I am often amazed at the variety of female voices in the world of superhero comics commentary. When you look at the number of women who are involved in blogs and news and podcasts — Heidi McDonald, Laura Hudson, Susana Polo, Jill Pantozzi, Corinna Lawson, Evie Nagy, Kelly Thompson, Josie Campbell, Erika Peterman, Joanna Draper Carlson, the Fantastic Fangirls and many others you have to wonder what there is such a dichotomy between the engagement of women with superhero comics and the perception of their value of as an audience by those who make them.
Commentary by women about women in comics has been growing through the years along with the growth of the internet and social media. And it’s not surprising. It’s enabled disparate voices who would otherwise have no way to communicate to collaborate and and engage on a shared passion. How I would have loved to have had a community of fellow female comic book readers around me while growing up. I found plenty of guys to talk about comics with but the ability to have share my ideas and concerns was limited. Years later I found virtual places, like Scans_Daily, Sequential Tart and Girlwonder.org where you could find other women who shared your interest.
The aggregation of female thought and discussion around comics has been an important part of this community building. The link blog “When Fan Girls Attack” created by Lisa Fortuner/Ragnell and Melissa Krause/Kalinara and later Maddy and Caitlin was for many years the place to go to find smart thinking about women and comics. That site was supplemented last year by “Dispatches From the Fridge”.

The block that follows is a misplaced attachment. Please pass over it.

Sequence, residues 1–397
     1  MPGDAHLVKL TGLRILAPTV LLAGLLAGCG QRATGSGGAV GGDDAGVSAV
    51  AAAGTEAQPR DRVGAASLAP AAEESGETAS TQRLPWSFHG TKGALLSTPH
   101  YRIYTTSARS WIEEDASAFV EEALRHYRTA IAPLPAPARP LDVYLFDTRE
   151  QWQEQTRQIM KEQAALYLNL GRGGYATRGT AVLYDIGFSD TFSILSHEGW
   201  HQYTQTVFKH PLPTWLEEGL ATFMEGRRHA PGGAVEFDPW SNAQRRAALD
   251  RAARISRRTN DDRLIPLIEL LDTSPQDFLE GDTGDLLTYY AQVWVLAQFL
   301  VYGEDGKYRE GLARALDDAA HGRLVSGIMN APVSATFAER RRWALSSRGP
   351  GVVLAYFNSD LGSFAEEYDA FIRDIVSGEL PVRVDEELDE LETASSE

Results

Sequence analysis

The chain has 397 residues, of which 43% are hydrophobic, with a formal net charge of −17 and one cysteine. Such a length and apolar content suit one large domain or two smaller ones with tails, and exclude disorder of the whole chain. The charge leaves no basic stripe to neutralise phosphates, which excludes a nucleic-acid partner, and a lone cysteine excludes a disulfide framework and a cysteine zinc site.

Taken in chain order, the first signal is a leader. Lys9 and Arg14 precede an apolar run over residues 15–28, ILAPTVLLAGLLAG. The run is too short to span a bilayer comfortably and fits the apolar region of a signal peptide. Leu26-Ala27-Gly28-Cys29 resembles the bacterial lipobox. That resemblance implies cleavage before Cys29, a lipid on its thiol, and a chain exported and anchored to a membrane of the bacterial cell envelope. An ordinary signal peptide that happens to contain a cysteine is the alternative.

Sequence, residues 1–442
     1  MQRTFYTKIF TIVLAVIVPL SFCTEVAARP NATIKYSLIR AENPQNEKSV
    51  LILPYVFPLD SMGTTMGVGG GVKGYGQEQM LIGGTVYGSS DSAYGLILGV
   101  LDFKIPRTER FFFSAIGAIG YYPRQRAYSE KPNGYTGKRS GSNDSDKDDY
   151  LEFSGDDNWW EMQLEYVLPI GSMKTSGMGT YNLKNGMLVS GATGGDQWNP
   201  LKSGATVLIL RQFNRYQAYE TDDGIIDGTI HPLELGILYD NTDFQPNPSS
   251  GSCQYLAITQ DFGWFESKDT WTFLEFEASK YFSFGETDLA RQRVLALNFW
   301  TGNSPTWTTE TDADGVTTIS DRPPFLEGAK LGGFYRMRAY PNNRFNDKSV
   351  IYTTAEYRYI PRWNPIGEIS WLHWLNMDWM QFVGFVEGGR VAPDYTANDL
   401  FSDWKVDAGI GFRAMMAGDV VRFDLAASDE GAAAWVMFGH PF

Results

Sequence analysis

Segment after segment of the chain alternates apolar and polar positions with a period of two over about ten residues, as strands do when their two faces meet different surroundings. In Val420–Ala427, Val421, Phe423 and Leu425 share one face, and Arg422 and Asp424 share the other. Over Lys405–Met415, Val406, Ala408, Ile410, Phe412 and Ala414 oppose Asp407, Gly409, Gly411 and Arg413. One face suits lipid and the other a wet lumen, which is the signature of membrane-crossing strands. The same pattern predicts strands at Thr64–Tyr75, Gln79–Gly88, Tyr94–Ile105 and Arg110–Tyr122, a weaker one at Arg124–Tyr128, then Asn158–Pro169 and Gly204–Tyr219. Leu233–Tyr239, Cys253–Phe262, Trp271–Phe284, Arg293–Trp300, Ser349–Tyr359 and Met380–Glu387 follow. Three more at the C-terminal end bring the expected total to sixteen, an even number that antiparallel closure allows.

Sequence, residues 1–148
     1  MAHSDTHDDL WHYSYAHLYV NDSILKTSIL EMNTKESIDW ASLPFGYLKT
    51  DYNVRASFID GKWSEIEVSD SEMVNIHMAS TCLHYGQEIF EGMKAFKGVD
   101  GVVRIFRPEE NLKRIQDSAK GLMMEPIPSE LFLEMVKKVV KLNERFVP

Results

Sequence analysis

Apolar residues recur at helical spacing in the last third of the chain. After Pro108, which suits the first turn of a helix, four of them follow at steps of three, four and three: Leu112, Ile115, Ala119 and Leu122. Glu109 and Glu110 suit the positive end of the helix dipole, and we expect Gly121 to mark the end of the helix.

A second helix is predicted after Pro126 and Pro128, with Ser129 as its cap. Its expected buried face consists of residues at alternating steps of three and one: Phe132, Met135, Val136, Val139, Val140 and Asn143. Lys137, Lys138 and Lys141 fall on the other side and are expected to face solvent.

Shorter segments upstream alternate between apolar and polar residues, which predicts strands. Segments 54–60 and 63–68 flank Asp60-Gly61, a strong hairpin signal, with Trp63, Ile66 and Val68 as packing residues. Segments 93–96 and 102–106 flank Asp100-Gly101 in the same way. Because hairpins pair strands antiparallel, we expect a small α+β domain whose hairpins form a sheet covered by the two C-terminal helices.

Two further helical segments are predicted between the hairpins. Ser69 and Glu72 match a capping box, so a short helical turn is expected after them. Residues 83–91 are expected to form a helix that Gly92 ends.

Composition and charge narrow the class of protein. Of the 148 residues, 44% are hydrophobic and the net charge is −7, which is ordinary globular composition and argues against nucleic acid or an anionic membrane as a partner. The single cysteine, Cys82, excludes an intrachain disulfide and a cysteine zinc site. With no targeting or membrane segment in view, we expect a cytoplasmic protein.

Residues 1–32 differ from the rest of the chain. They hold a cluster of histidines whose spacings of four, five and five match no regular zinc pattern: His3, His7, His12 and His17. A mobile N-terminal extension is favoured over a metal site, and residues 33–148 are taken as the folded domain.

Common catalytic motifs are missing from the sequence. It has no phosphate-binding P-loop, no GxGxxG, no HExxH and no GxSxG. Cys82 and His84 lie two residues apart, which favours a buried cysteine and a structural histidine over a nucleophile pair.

Now there is a new initiative, a carnival, organized by blogger Meg/thewherefores where women can come together to debate, discuss and talk about issues in comics. The first topic is Women in Refrigerators 13 years later. While WiR was chosen by vote from a number of topics, it seems extremely fitting. Women in Refrigerators used the internet to highlight the concerns of a female comic reader (and later creator) Gail Simone about the treatment of women in comics. It was galvanizing, provocative and still years later causes debate (go listen to the last 3 Chicks Review Comics podcast) and rancor (just go Google CBR and Women in Refrigerators or throw in the name of any other traditional comic site.
The carnival has an extensive FAQ, but basically women are invited to produce just about anything (video, writing, music, etc) on the topic. Posting beings January 22 -29. I hope you’ll write and spread the word.
I believe the female voice can make a difference to the comic industry. We saw it this year with Kyrax2 at the “Batgirl of SDCC”. Perhaps a critical mass of insight and discussion can also do it.
December 27, 2011
Carnival Time! Forget the rides, this is women writing about comics